Thursday, February 24, 2011

Influential Intermolecular Forces

There are 3 intermolecular forces that are keeping the molecules attracted: 
1.                  London Dispersion Forces
2.                    Dipole-Dipole 
3.                    Hydrogen Bonding 

-* How?
London Dispersion Forces- the force of attraction between all molecules (any two at one time), created by temporary dipoles, which are caused by the movement of electrons around two atoms. 
So, London Dispersion has an effect on all molecules, and these temporary dipoles are the temporary shift in electrons as they change their positions. London Dispersion Forces are very weak, easy to pull nonpolar from nonpolar.
Dipole-Dipole-  an electrostatic attraction caused by the positive end of one dipole being attracted to the negative end of another dipole.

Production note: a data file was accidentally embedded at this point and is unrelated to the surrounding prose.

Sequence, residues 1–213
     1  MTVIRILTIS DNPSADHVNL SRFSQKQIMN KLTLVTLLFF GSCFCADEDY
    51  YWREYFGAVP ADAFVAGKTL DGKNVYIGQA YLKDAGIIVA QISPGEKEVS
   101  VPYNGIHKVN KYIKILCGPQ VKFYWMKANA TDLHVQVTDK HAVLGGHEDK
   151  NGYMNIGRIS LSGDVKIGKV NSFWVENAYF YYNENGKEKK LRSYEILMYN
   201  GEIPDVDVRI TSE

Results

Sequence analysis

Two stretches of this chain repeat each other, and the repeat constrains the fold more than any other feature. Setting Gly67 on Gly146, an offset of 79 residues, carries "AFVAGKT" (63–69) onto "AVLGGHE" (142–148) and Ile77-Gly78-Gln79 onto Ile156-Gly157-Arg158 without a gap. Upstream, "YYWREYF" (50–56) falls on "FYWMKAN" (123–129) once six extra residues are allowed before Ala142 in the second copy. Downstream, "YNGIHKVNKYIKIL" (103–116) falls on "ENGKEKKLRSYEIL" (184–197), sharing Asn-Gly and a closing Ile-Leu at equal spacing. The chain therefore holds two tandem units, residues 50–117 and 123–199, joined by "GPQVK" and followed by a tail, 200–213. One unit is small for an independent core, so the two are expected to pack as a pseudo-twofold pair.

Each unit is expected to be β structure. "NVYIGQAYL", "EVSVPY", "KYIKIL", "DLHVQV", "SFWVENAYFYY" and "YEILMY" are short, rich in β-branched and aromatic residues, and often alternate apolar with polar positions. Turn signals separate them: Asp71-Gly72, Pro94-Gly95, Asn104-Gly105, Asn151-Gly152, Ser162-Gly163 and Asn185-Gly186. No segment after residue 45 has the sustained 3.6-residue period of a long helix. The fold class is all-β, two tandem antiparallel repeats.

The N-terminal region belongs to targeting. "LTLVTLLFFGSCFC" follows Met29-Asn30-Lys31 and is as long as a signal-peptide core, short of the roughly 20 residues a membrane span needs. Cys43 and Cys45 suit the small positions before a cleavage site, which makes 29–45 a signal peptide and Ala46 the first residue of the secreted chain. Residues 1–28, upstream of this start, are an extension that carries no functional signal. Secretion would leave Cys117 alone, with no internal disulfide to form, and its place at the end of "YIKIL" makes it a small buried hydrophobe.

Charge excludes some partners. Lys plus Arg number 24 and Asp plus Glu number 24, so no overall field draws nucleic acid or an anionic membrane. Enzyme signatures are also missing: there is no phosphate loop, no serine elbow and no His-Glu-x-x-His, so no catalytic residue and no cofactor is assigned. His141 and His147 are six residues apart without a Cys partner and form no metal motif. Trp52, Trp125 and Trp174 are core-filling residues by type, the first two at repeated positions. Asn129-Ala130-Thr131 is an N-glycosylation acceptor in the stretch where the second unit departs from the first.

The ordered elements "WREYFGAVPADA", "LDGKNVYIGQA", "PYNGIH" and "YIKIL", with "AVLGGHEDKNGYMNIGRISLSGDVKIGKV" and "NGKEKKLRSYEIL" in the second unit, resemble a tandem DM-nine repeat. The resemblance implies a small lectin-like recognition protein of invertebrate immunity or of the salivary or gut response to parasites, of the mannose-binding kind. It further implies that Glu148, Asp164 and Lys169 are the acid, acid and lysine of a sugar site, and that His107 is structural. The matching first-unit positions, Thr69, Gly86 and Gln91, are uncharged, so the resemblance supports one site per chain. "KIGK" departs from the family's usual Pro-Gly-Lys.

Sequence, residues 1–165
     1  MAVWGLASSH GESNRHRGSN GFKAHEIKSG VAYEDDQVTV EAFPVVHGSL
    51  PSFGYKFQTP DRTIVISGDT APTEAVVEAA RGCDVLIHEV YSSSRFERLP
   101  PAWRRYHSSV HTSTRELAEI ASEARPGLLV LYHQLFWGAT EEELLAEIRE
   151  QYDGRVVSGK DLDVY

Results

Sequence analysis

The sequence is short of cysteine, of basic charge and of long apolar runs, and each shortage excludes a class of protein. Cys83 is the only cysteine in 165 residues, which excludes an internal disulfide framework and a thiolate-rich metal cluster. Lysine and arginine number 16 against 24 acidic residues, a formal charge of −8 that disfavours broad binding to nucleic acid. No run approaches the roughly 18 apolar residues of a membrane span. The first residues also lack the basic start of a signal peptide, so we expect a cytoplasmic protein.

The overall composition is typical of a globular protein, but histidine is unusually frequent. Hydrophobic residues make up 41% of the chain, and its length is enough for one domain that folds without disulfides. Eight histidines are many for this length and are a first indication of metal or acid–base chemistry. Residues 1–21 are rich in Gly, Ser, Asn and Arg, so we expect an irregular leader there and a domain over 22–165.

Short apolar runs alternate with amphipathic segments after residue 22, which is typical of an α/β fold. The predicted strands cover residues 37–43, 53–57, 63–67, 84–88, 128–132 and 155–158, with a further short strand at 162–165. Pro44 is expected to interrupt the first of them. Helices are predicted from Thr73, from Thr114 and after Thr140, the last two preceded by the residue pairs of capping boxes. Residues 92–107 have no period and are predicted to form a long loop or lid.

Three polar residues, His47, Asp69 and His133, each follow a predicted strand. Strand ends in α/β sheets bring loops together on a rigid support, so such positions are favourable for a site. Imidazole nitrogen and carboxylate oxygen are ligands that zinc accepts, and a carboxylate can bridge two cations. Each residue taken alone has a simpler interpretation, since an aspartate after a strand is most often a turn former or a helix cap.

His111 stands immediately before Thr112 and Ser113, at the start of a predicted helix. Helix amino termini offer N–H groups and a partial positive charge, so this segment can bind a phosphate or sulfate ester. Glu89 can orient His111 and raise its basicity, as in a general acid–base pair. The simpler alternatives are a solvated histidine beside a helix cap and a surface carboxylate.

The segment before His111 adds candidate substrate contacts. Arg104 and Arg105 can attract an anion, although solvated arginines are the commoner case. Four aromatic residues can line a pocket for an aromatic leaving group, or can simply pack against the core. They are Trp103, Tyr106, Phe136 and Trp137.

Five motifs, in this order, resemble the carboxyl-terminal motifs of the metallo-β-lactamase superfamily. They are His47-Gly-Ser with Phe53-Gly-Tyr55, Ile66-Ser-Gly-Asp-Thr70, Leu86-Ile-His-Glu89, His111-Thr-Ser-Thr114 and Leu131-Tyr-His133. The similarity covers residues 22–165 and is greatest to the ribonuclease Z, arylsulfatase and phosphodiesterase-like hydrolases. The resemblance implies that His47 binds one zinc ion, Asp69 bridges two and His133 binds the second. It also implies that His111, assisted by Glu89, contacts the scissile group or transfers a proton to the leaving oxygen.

Dipole-Dipole is asymmetrical, and applies to hydrogen peroxide because it is a polar molecule. Discussed in the polarity post is the requirements of being a polar molecule. The basic idea that the uneven distribution of electrons proves dipole-dipole to be true in that the positives attract the negatives and vice versa.
Hydrogen Bonding- a special case of dipole-dipole attraction where a temporary covalent bond forms between the hydrogen molecule, and the O,N,F of an adjacent molecule. 

Hydrogen Bonding is applicable to hydrogen peroxide through the simplicity of O and H being attracted to each other, forming a bond. 


  1. Your explanations of all the forces are correct to my knowledge. I like how you highlighted the important parts. All your forces were used correctly for your molecule.

  2. The gaseous form of Hydrogen peroxide may for a triple bond, 2 H-bonds & 1 Bent Bond or Banana Bond. I Connot show the model here but have photos: it looks similar to acetylene